In Unix-like operating systems, the chmod command is used to change the access mode of a file. The name is an abbreviation for change mode.
chmod [reference][operator][mode] file…
References are used to distinguish the users to whom permissions apply, that is, they are a list of letters that specifies to whom to give permissions. References are represented by one or more of the following letters:
Description of the reference class or owner of the file owner g group users who are members of the file group or other users who are neither the file owner nor the members of the file group a The previous three, same as ugo
The operator is used to specify how the modes of a file should be adjusted. The following operators are accepted
: Operator description + Adds the specified modes to the specified classes – Removes the specified modes from the specified classes = The specified modes must be converted to the exact modes for the specified classes
Note: Putting blank spaces around the operator would cause the command to fail.
The modes indicate which permissions to grant or remove from the specified classes. There are three basic modes that correspond to basic permissions:
r Permission to read the file. w Permission to write (or delete) the file. x Permission to run the file or, in the case of a directory, search for it. Types of permissions we
will change using the chmod command: In the Linux terminal, to see all the permissions for different files, type the ls -l command that lists the files in the working directory in long format. The following figure shows an example for using ls -l and its output :
Let’s take a look at the figure above. For ease of understanding, some columns and rows are removed and additional spaces are added to the permissions column for ease of reading as shown below:
– rw- rw- r- mik mik assgn1_client.c – rw- rw- r- mik mik assgn1_server.c d rwx rwx r-x mik mik EXAM – rw- rw- r- mik mik raw.c – rwx r-x r-x mik mik header.sh … so on… The first column represents the file type,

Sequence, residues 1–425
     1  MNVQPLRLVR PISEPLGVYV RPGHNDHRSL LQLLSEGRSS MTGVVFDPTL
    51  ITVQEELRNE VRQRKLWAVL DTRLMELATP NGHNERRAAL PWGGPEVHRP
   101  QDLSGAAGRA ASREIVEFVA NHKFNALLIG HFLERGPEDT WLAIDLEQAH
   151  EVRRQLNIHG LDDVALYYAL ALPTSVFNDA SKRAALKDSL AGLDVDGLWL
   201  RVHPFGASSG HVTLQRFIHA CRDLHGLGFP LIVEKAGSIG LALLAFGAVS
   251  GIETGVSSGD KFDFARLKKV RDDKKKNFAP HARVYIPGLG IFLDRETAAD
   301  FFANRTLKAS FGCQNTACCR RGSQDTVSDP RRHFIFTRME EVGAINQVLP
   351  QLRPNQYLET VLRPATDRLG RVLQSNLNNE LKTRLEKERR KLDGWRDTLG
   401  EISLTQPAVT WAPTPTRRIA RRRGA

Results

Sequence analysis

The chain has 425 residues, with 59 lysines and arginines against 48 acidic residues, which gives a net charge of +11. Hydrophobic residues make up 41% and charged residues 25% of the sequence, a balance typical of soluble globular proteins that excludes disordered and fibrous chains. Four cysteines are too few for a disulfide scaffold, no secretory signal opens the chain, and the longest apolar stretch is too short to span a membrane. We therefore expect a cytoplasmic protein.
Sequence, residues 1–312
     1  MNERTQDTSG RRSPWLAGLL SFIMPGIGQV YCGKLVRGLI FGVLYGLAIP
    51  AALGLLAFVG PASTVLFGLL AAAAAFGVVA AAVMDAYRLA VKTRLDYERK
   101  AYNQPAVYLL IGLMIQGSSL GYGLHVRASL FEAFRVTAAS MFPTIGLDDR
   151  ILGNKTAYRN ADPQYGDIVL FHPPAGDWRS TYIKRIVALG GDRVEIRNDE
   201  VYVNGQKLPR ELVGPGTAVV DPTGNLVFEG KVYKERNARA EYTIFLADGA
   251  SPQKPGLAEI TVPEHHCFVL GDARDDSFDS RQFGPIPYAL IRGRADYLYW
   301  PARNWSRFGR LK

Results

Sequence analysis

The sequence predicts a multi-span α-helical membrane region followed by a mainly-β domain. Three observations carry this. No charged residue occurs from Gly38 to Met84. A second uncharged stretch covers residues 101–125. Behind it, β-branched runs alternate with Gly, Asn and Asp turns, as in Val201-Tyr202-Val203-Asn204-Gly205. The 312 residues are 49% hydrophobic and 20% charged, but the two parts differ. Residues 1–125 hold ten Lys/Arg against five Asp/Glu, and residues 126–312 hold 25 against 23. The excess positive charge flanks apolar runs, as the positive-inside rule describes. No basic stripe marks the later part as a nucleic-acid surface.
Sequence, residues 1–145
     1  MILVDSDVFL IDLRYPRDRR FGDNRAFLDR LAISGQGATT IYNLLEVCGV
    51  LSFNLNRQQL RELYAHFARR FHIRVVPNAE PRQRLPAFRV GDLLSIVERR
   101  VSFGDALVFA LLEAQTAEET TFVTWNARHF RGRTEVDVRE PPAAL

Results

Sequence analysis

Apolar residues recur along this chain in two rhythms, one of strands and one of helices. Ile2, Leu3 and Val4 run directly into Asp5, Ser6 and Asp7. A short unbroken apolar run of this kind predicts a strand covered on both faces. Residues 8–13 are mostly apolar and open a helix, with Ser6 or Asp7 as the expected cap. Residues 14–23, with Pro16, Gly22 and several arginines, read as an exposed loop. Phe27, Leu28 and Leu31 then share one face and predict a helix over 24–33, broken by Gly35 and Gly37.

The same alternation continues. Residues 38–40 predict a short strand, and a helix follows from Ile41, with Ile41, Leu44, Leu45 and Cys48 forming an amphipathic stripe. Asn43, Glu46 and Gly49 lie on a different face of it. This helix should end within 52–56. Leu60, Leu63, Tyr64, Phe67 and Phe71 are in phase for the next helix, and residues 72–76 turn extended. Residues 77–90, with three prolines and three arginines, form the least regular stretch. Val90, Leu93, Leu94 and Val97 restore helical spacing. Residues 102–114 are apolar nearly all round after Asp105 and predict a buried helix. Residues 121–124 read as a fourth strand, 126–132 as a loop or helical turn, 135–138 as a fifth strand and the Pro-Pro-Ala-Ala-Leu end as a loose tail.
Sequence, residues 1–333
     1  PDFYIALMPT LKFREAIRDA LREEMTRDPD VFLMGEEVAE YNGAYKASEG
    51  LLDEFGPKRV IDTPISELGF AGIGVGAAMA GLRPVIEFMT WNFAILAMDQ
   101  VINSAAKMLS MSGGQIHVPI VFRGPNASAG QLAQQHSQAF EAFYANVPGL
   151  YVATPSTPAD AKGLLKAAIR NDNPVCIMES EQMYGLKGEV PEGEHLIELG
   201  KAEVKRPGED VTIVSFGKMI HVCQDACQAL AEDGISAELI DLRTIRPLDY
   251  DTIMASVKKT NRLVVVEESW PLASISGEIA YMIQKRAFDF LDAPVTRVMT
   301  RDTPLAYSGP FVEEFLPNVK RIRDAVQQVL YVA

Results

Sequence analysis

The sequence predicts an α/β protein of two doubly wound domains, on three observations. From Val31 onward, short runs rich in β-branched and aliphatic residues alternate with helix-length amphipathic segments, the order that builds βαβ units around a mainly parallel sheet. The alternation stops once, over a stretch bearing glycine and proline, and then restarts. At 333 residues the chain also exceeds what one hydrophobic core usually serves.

- that is, whether it is a normal file or a directory where d represents a directory y – represents a normal
- The first set of three letters after the file type indicates what the file owner has permissions to do. For example: In assgn1_client.c, you have the owner’s permission as rw-, which means that the mik owner can only read (r) and write (w) the file but cannot execute (x).
- Note: The 3rd and 4th columns represent the name of the file owner and the group to which the owner belongs, respectively.
- The next three letters after the user’s permission are the group permissions. For example: header.sh has group permissions such as r-x, which means that Other people in the mik group cannot write (w) the header.sh script, but can only read it (r) or execute it (x).
- Note that when a directory has set x, this takes on the special meaning of “allowed to search this directory”.
- The last three letters of the permissions column tell us what the “others” can do. The general practice is to protect files from external access so that others cannot write any files or directories. They can read(r) or execute(x). For example: The assgn1_client.c has other permissions such as r- – which means that it can only be read by another (external) access but cannot be written or executed by them.
Now, let’s see how you can use the chmod command to change the access mode of a file.
Example 1: Let’s change the assgn1_client.c permission so that the owner cannot write (w) to the file, but can only read it.
BEFORE: -rw-rw-r- mik mik assgn1_client.c COMMAND: chmod u=r assgn1_client.c AFTER: -r-rw-r- mik mik assgn1_client.c Before :
Example 2 :Let’s restrict the permission so that the user cannot search the EXAM directory.
BEFORE: drwxrwxr-x mik mik EXAM COMMAND: chmod u=rw EXAM AFTER: drw-rwxr-x mik mik EXAM
After applying the chmod u=rw EXAM command, the user (owner) cannot change the directory. If the user tries to change the directory, then it displays the message “Permission denied” as shown in the following figure :Reference :chmod Wikipedia